Challenge Level

This problem is a good, yet simple, activity that can get pupils thinking hard about numerals, numbers and place value. It also provides a context for discussing different ways of recording and for encouraging systematic working.

This task offers the chance to focus in particular on reasoning, problem solving and developing a positive attitude to mathematics, three of the five key ingredients that characterise successful mathematicians.

You could start the children off by showing them one of the examples for three beads and then asking for other ways the beads could be arranged, reading the numbers together. You may want to use a basic drawing of the abacus on an interactive whiteboard and have 'beads' to drag into place. At this stage, you could encourage learners to try and explain how we know we have all the different ways.

After this the children could work in pairs on the six beads problem so that they are able to talk through their ideas with a partner. Have available a range of equipment which they could use, but allow them to make their own choice. You may have, for example, a real abacus, counters, paper, beads, coloured pencils/pens etc. They could use digit cards to make the number which is
represented on the abacus.

In a mini plenary, children could compare the ways in which they are beginning to record their findings and you could discuss the advantages of each. You could then talk about which recording methods might be best if we want to be sure that we had all the ways of using six beads. At this point, you could give them more time to work on the task, particularly enouraging them to
consider how they will know that they have found all the solutions. You may find that some pairs change their recording method.

As you move around the room, ask some pairs to record one of their solutions on an abacus that you have pre-drawn. In the plenary, stick up those individual solutions on the board or wall and encourage the whole group to work together to make sure they have found all possibilities. Invite learners to reorder the solutions to reflect a pattern and use this to create any solutions that are not yet displayed. Emphasise that although they have worked together using one pattern, or one particular way of working systematically, there is no 'right' way to work systematically. There will be many different systems in the room and that should be celebrated.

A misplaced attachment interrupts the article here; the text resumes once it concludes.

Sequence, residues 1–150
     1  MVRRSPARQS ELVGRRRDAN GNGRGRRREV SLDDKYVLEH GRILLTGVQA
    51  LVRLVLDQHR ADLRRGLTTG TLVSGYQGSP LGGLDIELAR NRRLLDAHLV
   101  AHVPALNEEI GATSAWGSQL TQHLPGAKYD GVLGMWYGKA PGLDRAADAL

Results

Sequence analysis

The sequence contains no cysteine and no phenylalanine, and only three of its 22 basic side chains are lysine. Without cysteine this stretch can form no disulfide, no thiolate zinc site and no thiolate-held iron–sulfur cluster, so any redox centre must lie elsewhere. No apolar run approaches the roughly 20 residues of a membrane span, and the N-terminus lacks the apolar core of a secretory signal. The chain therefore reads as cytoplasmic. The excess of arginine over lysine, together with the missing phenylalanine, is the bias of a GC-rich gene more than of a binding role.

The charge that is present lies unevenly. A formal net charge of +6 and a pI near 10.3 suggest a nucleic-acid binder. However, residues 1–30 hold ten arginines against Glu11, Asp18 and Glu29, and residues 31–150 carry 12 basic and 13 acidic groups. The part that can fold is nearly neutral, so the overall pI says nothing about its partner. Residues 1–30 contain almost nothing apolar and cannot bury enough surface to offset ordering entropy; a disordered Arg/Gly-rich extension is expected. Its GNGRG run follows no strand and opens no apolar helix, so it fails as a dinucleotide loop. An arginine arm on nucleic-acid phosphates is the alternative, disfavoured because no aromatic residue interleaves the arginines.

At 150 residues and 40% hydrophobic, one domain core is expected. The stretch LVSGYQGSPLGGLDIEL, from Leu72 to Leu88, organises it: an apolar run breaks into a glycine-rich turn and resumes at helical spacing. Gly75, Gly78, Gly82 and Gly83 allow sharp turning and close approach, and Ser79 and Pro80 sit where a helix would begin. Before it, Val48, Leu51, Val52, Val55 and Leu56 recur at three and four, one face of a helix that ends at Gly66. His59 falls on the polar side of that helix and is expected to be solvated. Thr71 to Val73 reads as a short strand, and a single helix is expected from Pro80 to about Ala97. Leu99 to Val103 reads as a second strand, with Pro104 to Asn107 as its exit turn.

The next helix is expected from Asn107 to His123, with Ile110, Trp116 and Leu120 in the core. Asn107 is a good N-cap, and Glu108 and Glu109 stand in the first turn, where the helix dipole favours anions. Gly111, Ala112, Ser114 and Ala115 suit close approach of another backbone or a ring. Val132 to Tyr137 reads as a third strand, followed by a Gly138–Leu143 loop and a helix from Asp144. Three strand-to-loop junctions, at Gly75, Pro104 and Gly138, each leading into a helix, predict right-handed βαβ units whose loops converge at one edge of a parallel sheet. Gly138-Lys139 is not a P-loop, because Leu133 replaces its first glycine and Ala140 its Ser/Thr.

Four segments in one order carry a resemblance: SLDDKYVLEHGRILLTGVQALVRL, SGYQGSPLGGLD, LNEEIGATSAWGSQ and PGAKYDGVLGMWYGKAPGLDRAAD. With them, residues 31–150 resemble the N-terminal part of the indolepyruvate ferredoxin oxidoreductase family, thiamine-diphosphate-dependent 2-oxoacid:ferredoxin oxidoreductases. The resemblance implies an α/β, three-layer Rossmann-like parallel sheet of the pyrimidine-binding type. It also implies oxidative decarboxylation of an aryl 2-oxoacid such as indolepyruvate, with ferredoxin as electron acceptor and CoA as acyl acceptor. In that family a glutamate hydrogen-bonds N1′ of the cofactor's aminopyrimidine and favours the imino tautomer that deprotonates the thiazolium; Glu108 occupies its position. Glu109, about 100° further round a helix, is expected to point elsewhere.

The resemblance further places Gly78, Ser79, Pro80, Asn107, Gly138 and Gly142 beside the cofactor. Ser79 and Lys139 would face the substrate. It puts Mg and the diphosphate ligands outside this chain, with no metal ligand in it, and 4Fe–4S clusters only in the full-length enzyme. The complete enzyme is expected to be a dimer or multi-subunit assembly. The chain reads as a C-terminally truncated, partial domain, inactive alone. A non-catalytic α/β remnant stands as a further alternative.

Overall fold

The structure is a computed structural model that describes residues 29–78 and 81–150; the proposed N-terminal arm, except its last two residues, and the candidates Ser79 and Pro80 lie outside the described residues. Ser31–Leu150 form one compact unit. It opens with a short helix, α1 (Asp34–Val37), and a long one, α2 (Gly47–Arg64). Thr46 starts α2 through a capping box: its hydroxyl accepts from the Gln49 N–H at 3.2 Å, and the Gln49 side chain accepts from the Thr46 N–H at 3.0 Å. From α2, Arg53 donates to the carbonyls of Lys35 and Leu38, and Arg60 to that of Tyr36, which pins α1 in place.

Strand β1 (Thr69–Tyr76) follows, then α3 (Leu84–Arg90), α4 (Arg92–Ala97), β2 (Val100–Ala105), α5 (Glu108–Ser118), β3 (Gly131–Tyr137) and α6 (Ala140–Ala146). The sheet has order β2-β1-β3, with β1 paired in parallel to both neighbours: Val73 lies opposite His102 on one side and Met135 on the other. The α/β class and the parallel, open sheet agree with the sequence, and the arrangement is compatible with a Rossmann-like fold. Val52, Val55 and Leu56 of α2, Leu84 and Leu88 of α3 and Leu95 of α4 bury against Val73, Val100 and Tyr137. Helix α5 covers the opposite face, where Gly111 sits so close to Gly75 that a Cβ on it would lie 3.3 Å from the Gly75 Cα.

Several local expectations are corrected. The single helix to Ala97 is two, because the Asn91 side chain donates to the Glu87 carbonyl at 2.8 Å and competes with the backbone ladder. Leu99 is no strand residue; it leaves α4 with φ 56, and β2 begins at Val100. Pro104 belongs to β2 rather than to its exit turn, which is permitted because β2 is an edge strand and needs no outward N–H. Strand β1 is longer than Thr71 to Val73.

What can you tell me about the numbers you've found?

Are there any other ways you can arrange those beads?

How can you tell if you have them all?

Some children may find it easier to use four beads, rather than going straight on to six. Using practical apparatus, such as counters, is essential for those having difficulties in understanding the problem. Learners could record individual solutions on individual pieces of paper, which could then be moved around and ordered to help them create a system.

Learners could increase the number of beads or they could be asked to investigate what would happen if there were three columns: units, tens and hundreds. If learners would like another context in which to practise working systematically, Three Ball Line Up would be an appropriate task.